Burberry has opened its new flagship store at the exclusive Ginza Marronnier building in Tokyo, designed by Riccardo Tisci.
The store, which is the 4th Burberry has opened in Japan in the last 6 months, is the first in the country to reflect the new store concept by chief creative officer Riccardo Tisci and features exclusive items from the S/S 2020 pre-collection, as well as a limited-edition Thomas’s Burberry Monogram print silk scarf in pistachio.
HOT:SECOND is a world first circular economy concept store trading physical products for digital experiences. Open from 10am-10pm from Tuesday 19th-Thursday 21st November, founder Karinna Nobbs has collaborated with innovation studio Holition and 3D artist Emily Switzer to allow you to immersively experience digital fashion garments from pioneering brands including The Fabricant, Carlings and Christopher Raeburn.
The purpose of the beta pop up store is to challenge the notion of clothing ownership, to explore a potentially more sustainable and conscious cycle of production and consumption and to introduce as many people as possible to try digital fashion garments for the first time.
The “currency” of the store is the donation or customisation of an unloved physical garment (the target of which is to “save” 500 pieces of clothing from landfill during the 4 days) because there is no planet B.
This launch event will feature a debate between the partners about the potential future of digital fashion and of course there will be free drinks, good music, clever people and some surprises.
The brand CORDURA and DuPont Tate & Lyle Bio Products present durable, eco-friendly textiles for outer layers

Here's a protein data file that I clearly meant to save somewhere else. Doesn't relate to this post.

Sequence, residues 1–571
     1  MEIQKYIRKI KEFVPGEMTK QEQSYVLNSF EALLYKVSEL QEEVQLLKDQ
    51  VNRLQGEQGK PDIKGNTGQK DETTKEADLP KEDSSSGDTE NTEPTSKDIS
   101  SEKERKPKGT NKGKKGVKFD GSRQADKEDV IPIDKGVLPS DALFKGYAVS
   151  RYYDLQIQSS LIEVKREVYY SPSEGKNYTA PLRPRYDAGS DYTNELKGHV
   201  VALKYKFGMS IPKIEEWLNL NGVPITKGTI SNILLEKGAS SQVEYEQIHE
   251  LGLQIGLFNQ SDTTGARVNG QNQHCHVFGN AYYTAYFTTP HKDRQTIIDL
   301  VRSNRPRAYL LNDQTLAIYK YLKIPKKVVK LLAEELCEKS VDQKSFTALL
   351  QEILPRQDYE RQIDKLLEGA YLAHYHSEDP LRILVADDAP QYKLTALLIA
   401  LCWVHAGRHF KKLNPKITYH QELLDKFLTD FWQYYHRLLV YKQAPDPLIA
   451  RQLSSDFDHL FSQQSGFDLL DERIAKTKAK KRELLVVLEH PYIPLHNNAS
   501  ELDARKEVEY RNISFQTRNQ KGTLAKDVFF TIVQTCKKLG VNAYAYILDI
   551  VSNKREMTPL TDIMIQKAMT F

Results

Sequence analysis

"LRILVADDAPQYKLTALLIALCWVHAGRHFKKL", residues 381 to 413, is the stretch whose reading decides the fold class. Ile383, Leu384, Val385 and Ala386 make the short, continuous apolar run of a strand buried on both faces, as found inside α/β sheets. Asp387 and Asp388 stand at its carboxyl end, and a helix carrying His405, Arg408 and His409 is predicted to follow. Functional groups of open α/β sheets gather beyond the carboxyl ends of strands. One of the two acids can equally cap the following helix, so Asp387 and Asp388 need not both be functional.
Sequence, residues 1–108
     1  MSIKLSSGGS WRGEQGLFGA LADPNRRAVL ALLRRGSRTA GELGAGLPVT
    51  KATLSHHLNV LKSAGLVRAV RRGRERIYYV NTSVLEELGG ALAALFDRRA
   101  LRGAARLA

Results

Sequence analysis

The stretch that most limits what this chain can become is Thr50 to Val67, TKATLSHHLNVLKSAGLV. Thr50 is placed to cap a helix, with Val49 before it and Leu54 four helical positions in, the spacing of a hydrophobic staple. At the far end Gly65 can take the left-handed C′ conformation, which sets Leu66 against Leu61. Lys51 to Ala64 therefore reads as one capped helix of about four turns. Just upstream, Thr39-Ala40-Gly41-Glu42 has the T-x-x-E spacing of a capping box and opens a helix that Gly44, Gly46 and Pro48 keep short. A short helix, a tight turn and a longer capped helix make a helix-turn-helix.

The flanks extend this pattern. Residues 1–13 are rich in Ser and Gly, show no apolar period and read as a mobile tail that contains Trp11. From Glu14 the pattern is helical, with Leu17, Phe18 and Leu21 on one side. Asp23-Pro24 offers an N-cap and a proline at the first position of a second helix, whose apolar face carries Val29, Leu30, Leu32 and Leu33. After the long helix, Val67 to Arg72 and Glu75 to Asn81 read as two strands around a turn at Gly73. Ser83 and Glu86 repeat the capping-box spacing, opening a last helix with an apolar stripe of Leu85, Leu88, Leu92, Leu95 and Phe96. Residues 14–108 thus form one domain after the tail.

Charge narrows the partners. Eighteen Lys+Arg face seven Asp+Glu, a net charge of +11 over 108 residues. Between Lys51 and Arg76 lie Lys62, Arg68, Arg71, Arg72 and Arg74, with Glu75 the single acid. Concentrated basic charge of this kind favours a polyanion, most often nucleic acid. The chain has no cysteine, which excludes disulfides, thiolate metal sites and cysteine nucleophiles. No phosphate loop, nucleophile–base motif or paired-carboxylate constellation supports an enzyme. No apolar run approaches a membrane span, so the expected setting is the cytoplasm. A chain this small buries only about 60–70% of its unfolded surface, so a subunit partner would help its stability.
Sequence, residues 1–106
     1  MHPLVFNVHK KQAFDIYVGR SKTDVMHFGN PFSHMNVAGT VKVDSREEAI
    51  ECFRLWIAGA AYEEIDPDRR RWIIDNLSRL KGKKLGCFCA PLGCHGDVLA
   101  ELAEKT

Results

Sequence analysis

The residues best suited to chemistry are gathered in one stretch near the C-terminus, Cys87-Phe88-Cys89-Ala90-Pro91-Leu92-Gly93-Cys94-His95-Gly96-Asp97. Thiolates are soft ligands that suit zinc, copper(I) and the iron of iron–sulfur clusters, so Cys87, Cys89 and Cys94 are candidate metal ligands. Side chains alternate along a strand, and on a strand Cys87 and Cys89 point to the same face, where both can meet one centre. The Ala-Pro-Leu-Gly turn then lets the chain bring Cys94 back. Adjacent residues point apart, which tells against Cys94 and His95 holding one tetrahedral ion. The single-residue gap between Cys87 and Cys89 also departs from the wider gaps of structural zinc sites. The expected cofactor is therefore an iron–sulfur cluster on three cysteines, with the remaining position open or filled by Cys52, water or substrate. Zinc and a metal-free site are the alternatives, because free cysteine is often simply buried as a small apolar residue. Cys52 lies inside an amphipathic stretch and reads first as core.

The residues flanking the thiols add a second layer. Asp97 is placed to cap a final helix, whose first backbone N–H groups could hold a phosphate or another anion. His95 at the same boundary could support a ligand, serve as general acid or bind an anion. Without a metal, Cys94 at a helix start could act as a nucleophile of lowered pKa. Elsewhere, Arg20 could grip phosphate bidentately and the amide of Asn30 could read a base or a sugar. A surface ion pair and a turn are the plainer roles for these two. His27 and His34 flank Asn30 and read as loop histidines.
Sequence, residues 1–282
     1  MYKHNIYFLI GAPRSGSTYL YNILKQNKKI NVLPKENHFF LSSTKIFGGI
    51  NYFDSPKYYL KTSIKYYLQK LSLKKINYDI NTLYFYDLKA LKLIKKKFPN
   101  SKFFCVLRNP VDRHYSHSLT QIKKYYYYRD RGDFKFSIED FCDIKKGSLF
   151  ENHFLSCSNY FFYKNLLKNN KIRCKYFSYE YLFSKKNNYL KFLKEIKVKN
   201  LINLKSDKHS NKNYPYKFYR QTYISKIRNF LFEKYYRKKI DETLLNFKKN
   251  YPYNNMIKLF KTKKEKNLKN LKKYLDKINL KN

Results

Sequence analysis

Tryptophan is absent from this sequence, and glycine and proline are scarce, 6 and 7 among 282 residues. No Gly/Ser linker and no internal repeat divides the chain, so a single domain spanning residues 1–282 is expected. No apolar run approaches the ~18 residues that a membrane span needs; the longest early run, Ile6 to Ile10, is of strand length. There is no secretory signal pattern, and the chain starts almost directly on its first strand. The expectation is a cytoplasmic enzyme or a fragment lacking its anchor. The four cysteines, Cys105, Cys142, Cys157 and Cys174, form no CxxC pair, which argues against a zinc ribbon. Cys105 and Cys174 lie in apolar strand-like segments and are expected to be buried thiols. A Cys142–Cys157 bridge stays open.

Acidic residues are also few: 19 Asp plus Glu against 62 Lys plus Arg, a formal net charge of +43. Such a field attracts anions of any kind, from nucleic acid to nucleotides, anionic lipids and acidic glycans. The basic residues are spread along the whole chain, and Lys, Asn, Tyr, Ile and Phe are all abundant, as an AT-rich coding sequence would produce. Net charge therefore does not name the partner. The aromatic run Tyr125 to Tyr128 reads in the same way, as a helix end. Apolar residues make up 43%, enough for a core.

INVISTA’s CORDURA brand introduces its innovative and environmentally friendly solutions developed in partnership with DuPont Tate & Lyle Bio Products. The new innovative, lightweight stretch solution combines the legendary, long-lasting durability of CORDURA fabrics with the biobased performance of Susterra membranes and coatings.
“CORDURA fabrics are constantly seeking out options that help us achieve sustainable environmental benefits through our innovation continuity, and CORDURA fabrics can do just that by helping to extend product usability and lifecycle,” explains Cindy McNaull , Global CORDURA Business Development Director.
“The textile industry wants innovative solutions that help reduce its environmental footprint, and our goal is to provide long-lasting products that are less frequently replaced. Through our ongoing collaboration with DuPont Tate & Lyle’s Susterra brand, apparel designers are getting access to a wide range of durable fabric technologies that include plant-based high-performance coatings and membranes.”
Everest, the primary fabric manufacturer involved in the project, has integrated bio-based membranes and coatings based on Susterra propane diol from DuPont Tate & Lyle into a series of CORDURA® Naturalle Active endurance fabrics. These Everest fabrics feature a CORDURA Outer Layer coated with a bio-based polyurethane membrane, which accounts for more than 25% of its weight in renewable resources. In addition, the fabrics are engineered to help keep the body dry and comfortable, even in extreme weather conditions. The Susterra propanediol-based membrane has good resistance to hydrolysis, is flexible and elastic even at very low temperatures, and allows integration of membranes into stretch fabrics for added mobility.
Stone Island has selected the city of Toronto and its renowned Yorkville Avenue to open its first store in Canada, expanding its presence in the North American market. This opening marks the brand’s third store in North America after opening in New York and Los Angeles.
The store features large corner windows and covers an area of over 190 sqm across two levels, creating ample exhibition space for the Stone Island and Shadow Project collections.
The interior design follows the concept used for Stone Island stores created by Marc Buhre, industrial designer from Heidelberg (Germany) and founder of Zeichenweg TM architectural firm. Each element of the system has been created to work together in a highly functional design.
The bush-hammered stone flooring is also used on the walls, interspersed with parts in through-colour MDF and metallic mesh on a steel substructure. Furnishings are in black-stained natural oak, hangers are composed of carbon bars and anodized aluminium and shelves are in shades of anthracite.